I think the testimony and questioning really crystallized the themes of a public conversation that has been building over the last few years—but that, again, is not entirely new. Technology may change, but questions about market power and economic organization are perennial. As many commentators have pointed out, Big Tech raises questions that we as a society have arguably been grappling with since the age of the robber barons.
We should be seeing the Committee’s report very soon. I hope that it will tell us more about how the business practices of the big tech companies affect workers, small business, the free press, and other crucial public interests—and what we can do about it.
You have testified in front of the U.S. House of Representatives. Can you discuss a bit about what the topic was and what that experience was like?
I testified in front of the same Committee that has been conducting the investigation you mentioned. The topic of the hearing was “Antitrust and Economic Opportunity: Competition in Labor Markets.” I discussed how some of the original legislative history of the Sherman Act may be a useful guide to current questions of how antitrust law ought to approach labor markets. I also discussed how current antitrust law has contributed to the inequalities and precarities associated with today’s “fissured workplace” (as economist and former Department of Labor Wage & Hour Division head David Weil has dubbed it).
For several years, you were a public interest attorney in Los Angeles focusing on labor and civil rights issues. At UCLA School of Law, you taught the Workers Rights Litigation Clinic. How, if at all, have these experiences informed your teaching and/or scholarship?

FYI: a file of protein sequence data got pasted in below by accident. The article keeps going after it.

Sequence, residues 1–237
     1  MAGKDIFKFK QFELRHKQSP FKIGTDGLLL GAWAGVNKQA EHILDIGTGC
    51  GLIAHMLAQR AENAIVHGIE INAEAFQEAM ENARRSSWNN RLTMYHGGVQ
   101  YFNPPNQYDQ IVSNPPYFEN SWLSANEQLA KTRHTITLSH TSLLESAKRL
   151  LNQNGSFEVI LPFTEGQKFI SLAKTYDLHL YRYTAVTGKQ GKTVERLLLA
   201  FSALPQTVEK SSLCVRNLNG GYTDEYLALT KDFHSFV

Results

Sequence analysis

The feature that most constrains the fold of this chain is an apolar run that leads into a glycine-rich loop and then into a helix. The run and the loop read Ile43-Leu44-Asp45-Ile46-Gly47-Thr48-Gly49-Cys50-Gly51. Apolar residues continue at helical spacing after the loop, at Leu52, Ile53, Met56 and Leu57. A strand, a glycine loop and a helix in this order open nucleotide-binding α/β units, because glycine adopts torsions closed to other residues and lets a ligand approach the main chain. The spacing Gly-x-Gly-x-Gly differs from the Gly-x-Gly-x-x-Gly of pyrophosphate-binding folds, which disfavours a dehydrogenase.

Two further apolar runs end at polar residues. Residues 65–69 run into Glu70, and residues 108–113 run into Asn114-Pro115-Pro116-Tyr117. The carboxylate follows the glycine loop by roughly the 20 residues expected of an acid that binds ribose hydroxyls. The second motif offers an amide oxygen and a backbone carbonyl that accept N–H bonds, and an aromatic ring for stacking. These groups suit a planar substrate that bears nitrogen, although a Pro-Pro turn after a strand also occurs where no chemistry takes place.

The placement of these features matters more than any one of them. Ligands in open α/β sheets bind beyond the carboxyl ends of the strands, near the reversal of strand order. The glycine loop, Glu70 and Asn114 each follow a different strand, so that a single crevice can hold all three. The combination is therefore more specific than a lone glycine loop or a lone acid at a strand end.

I think that my particular practice background has meant that whatever area of law I am researching, at the broadest level I am often asking about how it affects workers, and the place of workers in it. So I bring this perspective to my research in business law subjects, including antitrust and corporate law.
Also, the fact that I was a litigator for several years definitely affects how I teach doctrinal subjects. I want students to analyze doctrine, to understand its developmental context as much as possible—and I also want to bring it back to the day-to-day of lawyering. In fact, I believe that good advocates are also able to put their ‘legal scholar hats’ on when necessary, so I see this all as fundamentally interconnected.
Next year, your book, Solidarity in the Shadow of Antitrust: Labor and the Legal Idea of Competition, will be published by Cambridge University Press. Can you provide us with a sneak peek of what it is about?
The book starts from the premise I elaborated in a recent paper—that antitrust law (along with labor and corporate law, among others) allocates economic coordination rights. I then aim to show how competing visions of this legal allocation have, over time, shaped business practices and economic relations that we might otherwise tend to naturalize, with an emphasis on labor and the workplace. I argue that the antimonopoly tradition and the original legislative intent behind antitrust law were aimed at a more democratic allocation of coordination rights, while a more hierarchical allocation has been interposed (frequently by the judiciary) at key junctures of legal development. Labor and workers have, in different ways, been foundational to both visions.
You have been quoted by numerous media outlets and also written pieces for general interest publications. You have also written for blogs. How does breaking the legal principles at play down for a general audience differ from what you do when you pen a scholarly work?
Great question and I’m not sure I’ve mastered it. But generally, I try to take something concrete and current, and relate it to a more general and enduring principle or set of questions.
Legal blogs are great because in addition to disseminating academic work to a broader audience, they are also a good way to interact in a fruitful way with other scholars and lawyers, much more quickly than traditional scholarship allows. At best, I think these interactions help to seed longer-term scholarly projects as well.
Do you have any hobbies or interests you would like to share?
Back home, I love to garden, hike, and practice yoga. Here I have gotten back into bicycling (which makes up for missing my garden). I also enjoy travel. When I finish this book—and post-COVID—perhaps I’ll go on a walkabout in some distant place.